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Must Be True. The correct answer choice is (C)
The hypothesis itself has two steps: (1) parasitic connections "would otherwise clog up our memories" and (2) dreaming is how your brain gets rid of parasitic connections. So, if you do not dream, you do not get rid of parasitic connections, and those connections clog up our memories.
Pay close attention to the question stem here: it asks what is most strongly supported by the hypothesis, not the entire stimulus. The correct answer choice, then, will depend directly on the hypothesis.
Answer choice (A) does not follow from the hypothesis, because we are concerned with time spent dreaming, not sleeping – it is possible that small animals spend less time sleeping, but more of that time dreaming. Or, maybe they do not get many parasitic connections that need to be cleared out.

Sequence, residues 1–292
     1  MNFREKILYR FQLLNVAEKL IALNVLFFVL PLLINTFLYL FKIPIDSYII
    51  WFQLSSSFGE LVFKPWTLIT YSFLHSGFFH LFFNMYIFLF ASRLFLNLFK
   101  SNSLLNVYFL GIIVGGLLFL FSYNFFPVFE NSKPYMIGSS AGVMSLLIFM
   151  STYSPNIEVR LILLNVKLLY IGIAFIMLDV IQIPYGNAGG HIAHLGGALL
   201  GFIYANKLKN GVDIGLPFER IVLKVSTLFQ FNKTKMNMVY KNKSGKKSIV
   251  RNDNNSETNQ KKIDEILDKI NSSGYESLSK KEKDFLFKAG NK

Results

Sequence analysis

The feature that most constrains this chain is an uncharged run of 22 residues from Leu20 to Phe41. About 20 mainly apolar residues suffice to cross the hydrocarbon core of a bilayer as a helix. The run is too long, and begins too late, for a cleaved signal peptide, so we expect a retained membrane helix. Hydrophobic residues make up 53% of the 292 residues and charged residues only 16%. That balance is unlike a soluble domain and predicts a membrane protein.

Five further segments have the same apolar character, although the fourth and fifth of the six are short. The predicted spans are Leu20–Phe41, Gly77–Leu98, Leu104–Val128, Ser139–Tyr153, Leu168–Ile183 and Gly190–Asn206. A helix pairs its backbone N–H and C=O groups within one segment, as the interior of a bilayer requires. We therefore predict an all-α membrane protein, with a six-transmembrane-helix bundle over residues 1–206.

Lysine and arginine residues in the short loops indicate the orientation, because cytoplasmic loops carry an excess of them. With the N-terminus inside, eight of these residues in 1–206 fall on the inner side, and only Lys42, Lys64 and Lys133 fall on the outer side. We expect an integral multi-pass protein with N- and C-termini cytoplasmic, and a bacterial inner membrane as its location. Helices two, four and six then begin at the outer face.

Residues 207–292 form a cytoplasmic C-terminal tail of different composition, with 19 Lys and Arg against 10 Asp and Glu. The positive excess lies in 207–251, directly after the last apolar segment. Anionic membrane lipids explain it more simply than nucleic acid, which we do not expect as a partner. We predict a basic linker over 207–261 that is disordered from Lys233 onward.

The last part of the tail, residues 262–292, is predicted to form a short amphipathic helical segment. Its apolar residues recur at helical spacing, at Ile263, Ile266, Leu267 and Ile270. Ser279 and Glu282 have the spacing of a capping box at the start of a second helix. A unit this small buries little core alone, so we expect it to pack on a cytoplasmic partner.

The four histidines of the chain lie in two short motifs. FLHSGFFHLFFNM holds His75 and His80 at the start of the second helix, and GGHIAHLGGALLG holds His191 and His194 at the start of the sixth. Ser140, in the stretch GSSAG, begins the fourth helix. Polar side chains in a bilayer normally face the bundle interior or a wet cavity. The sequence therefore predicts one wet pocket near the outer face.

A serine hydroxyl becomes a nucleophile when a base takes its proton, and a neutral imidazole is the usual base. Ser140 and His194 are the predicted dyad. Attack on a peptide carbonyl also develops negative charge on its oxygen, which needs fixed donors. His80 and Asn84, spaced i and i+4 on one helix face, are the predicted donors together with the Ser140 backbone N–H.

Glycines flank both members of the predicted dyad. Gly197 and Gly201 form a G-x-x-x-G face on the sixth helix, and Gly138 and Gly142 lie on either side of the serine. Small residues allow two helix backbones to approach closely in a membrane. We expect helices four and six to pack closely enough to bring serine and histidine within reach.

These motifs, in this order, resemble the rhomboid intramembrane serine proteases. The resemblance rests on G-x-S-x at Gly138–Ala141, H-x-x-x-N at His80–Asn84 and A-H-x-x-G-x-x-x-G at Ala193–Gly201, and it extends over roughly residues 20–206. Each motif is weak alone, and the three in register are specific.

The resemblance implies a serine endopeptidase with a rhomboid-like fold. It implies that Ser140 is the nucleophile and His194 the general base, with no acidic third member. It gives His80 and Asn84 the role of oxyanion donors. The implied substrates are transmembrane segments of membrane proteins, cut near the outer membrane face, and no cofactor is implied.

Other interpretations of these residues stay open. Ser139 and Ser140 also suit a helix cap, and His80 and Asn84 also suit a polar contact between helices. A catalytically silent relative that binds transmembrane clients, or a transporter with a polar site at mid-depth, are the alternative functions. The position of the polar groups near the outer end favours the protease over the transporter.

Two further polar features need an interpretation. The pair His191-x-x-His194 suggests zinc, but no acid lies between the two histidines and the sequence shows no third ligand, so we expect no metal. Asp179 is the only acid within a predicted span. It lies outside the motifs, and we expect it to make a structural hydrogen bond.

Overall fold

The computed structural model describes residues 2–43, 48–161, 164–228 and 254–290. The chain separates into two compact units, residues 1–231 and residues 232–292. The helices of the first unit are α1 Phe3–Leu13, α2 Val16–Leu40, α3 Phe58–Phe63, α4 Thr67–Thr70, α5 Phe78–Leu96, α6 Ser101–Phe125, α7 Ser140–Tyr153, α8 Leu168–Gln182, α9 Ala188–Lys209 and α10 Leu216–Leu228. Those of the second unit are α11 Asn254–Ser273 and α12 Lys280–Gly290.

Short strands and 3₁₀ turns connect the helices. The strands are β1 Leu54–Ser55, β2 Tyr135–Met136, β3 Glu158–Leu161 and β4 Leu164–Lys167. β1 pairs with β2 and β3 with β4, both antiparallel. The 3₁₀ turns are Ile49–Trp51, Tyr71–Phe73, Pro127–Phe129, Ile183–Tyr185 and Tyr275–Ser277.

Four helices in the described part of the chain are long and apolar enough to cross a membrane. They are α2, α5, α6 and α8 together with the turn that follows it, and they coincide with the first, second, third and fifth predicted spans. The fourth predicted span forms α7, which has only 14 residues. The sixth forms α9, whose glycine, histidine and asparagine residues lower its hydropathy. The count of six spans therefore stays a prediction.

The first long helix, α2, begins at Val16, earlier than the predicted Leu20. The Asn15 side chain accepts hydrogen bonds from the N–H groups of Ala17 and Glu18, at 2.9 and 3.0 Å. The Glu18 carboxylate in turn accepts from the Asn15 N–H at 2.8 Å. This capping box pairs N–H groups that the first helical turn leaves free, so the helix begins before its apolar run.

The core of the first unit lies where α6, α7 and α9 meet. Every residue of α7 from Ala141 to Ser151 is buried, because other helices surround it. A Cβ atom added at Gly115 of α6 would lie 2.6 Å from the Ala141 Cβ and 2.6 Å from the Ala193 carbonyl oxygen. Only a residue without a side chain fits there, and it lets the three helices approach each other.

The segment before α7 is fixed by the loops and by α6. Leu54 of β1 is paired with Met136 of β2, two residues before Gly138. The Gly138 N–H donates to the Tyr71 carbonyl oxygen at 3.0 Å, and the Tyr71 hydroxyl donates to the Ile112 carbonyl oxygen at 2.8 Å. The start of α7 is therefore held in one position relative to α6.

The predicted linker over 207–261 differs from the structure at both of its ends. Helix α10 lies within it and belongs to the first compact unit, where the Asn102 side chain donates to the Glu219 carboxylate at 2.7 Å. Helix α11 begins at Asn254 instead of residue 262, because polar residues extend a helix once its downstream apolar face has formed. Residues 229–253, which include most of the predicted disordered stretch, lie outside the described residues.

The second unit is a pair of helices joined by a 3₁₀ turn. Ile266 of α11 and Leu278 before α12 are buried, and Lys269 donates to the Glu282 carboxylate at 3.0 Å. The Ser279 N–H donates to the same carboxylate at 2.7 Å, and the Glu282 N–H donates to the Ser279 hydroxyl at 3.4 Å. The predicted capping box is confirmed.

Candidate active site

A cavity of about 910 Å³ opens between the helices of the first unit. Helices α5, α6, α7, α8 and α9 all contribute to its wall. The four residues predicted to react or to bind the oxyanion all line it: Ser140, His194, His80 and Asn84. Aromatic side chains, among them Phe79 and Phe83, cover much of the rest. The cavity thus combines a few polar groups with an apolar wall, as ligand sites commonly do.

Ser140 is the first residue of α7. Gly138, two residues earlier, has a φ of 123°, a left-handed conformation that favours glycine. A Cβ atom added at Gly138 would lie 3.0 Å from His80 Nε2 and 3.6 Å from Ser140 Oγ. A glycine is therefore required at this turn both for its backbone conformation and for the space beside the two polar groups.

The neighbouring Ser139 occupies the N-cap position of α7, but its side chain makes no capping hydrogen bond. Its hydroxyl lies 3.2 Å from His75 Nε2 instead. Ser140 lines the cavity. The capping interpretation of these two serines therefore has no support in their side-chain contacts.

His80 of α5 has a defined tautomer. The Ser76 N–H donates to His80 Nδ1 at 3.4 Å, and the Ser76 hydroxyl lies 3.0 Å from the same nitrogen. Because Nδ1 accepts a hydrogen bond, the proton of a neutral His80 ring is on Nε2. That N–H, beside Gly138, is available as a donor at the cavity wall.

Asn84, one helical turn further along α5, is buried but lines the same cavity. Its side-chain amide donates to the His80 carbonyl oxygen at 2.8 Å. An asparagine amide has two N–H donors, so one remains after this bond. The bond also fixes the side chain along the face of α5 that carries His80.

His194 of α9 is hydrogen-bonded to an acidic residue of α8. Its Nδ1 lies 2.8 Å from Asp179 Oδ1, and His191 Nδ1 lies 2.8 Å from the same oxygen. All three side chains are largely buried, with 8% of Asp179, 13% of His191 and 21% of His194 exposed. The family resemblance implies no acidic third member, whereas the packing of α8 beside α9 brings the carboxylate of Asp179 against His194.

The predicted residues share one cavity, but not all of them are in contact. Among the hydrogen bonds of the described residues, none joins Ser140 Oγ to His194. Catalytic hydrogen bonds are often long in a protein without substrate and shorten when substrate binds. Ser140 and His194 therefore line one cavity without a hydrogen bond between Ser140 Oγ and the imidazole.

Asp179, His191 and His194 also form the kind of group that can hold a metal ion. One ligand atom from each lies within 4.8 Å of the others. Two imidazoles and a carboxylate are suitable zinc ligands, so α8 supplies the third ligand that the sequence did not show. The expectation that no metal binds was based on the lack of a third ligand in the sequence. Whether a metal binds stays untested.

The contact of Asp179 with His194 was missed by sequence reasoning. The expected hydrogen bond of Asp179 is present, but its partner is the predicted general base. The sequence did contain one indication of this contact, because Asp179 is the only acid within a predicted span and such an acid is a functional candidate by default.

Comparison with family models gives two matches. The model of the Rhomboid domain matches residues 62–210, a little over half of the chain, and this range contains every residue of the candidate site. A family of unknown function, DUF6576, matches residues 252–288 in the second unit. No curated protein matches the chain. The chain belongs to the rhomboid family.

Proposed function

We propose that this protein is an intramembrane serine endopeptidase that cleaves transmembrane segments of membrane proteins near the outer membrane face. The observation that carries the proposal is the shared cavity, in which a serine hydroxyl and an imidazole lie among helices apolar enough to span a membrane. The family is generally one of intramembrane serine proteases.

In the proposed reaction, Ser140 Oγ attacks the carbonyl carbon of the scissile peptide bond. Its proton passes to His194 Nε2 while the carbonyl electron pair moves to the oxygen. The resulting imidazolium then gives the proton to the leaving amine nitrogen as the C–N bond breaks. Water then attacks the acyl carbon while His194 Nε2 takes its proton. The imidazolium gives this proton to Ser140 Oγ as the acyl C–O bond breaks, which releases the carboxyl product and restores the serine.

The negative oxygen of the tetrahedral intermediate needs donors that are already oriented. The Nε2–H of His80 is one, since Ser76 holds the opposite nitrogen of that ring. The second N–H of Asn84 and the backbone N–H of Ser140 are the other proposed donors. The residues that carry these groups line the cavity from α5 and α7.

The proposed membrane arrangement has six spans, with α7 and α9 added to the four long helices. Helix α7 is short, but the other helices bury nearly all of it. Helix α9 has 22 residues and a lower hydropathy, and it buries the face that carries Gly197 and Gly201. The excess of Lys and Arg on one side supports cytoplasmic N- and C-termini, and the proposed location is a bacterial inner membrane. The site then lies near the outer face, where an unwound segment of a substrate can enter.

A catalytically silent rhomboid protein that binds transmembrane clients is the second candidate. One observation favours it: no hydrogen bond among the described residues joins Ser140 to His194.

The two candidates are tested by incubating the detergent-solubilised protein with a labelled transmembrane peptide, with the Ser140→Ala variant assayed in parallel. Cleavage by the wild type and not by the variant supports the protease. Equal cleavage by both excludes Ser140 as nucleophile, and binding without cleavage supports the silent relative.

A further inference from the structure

Answer choice (B) assumes that dreaming clears away nearly all parasitic connections. But, the hypothesis only assumes that some are cleared away.
Answer Choice (C), the correct answer, addresses this directly: mammals that are prevented from dreaming have clogged up memories. Students often reply with "But, what about the spiny anteater – it does not dream at all." However, the answer choice is limited to mammals "that would normally dream" – it specifically excludes the anteater.
Answer choice (D) is tricky: it is likely to be correct, but does not necessarily follow from the hypothesis. Remember what the question stem is looking for.
Answer choice (E), like (D), might be correct, but does not necessarily follow from the hypothesis. In addition, it goes a little too far: we think the only mammal that does not dream is the spiny anteater. But, the stimulus says nothing about lizards or other non-mammals.